So far, I've had to select a health insurance plan 3-4 times in my life. Until now, I've basically selected randomly, because:
- I had no idea what I needed.
- I didn't understand any of the terminology.
In the last year, after paying random bills that keep showing up in my mailbox, I've decided to get as minimally educated as possible to not feel angry when the next bill comes. Here's a summary:
- Co-payment (copay): A fee you pay when you go the doctor, just because.
- Deductible: The amount that is deducted from the amount the insurance company pays
- This is confusing for me. Why are costs framed in the context of the insurance company. If it's a deductible for me, it should be deducted from what I pay. But no, it's backwards.
- Premium: What you pay the insurance provider on a regular basis for their services
Flow of Transactions
- Go to doctor
- Get service
- Show them your insurance card
- Pay copay
- Doctor sends bill to insurance company
- Insurance company calculates how much they will pay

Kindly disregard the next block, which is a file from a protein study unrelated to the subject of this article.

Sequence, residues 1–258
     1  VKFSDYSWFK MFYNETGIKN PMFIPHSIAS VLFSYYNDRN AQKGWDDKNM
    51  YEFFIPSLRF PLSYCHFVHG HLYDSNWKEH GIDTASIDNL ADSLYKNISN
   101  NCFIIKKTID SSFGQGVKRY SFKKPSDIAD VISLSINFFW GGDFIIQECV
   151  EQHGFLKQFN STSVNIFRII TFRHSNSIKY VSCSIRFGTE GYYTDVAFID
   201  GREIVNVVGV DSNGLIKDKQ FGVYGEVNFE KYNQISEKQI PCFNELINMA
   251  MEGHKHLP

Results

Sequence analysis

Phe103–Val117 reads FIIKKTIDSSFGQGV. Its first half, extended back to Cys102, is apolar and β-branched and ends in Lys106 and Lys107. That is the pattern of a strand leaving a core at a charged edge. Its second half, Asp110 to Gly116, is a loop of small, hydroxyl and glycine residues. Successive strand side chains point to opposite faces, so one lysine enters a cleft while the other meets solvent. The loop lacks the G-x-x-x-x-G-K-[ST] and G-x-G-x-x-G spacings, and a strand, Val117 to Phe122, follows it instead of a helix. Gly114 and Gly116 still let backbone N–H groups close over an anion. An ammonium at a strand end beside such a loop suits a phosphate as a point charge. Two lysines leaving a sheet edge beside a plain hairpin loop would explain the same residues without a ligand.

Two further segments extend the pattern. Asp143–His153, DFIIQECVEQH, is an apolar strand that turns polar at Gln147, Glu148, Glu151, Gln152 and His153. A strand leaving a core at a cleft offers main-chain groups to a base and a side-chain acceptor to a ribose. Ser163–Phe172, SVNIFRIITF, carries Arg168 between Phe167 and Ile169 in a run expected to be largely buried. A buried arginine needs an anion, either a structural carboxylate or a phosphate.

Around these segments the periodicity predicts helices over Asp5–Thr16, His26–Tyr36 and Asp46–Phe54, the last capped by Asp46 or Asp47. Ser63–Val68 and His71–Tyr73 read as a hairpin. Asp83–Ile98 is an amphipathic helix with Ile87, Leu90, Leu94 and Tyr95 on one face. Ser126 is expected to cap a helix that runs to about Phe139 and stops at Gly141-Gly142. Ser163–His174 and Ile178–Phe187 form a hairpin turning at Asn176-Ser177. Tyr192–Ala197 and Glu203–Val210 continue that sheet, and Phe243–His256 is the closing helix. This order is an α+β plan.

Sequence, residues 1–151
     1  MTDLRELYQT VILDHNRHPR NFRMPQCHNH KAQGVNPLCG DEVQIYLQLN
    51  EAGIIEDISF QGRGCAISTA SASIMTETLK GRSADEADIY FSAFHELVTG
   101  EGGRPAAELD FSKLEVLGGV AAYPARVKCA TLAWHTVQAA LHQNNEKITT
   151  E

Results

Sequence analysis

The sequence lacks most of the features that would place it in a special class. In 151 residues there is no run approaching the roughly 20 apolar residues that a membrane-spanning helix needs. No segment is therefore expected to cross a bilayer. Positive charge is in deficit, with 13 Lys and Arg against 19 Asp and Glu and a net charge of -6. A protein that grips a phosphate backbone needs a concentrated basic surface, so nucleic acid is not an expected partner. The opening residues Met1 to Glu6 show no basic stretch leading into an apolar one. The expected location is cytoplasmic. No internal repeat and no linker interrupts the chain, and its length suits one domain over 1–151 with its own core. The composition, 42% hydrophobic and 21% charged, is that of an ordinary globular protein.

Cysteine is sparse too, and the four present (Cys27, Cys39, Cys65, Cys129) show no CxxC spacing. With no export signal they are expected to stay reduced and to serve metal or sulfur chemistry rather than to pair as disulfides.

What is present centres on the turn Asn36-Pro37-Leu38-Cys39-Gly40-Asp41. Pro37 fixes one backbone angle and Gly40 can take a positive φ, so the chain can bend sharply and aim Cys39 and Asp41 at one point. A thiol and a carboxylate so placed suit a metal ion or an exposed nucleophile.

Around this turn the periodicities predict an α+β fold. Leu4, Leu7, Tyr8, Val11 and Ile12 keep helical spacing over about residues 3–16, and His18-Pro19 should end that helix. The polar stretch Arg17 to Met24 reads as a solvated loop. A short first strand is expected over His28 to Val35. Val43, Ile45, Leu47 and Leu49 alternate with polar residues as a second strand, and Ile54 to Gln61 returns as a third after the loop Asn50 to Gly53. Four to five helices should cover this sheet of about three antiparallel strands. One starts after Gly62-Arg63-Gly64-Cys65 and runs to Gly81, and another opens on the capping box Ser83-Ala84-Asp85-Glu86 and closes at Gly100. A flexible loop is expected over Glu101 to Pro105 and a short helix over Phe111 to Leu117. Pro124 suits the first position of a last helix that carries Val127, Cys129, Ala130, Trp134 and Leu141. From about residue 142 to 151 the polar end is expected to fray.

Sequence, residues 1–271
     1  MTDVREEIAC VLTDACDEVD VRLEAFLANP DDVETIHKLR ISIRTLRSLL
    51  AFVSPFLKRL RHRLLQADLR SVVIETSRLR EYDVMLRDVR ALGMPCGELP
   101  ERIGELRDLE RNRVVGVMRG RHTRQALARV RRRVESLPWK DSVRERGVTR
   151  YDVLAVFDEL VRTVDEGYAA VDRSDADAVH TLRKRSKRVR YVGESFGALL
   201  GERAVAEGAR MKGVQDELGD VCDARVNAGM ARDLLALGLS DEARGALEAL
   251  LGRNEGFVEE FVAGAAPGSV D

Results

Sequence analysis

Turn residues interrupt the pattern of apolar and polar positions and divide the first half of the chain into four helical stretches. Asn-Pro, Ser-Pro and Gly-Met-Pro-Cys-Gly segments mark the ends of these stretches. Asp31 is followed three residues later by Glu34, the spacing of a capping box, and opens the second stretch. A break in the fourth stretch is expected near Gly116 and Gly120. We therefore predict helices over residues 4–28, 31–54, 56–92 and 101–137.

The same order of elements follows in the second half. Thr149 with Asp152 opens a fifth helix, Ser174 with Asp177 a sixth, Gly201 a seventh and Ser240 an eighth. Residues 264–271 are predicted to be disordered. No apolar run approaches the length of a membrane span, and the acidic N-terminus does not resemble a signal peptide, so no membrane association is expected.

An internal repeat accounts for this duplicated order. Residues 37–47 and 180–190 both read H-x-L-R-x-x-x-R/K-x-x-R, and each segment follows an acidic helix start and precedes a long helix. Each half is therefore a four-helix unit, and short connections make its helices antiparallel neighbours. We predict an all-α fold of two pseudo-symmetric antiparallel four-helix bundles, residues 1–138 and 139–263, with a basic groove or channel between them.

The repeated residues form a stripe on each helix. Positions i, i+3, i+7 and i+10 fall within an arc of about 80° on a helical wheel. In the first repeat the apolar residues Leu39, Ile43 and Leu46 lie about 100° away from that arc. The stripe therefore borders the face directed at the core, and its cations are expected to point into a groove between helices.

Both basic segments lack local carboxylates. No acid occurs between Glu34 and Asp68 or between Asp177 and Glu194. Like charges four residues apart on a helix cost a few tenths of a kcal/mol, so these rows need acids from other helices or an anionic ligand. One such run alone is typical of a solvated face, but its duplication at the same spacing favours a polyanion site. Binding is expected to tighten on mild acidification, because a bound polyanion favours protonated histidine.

- This is some combination of deducting the "deductible" and taking some percentage based on the type of treatment and your plan. It's not clear to me which order these steps happen in.
- Insurance company pays doctor
- Doctor sends me a bill for remaining cost of service
I was really confused a few times when I received bills in the mail for services I thought I had already paid for. In reality I had only "paid for" the copay.
Why didn't I learn some version of this in high school? Going through it a few times is probably necessary to grasp how it all works. Or maybe I'm the only one who didn't really care to spend the time understanding it. Either way, I wasn't really taught any of this and reading about it or researching it offhand is really boring (and I'm lazy).
Ok, that's all for now. Maybe if I get a new job and have to fill out another one of those stupid W2s (edit: W4s) again, I'll be forced to write a dumbed-down primer on that too for myself.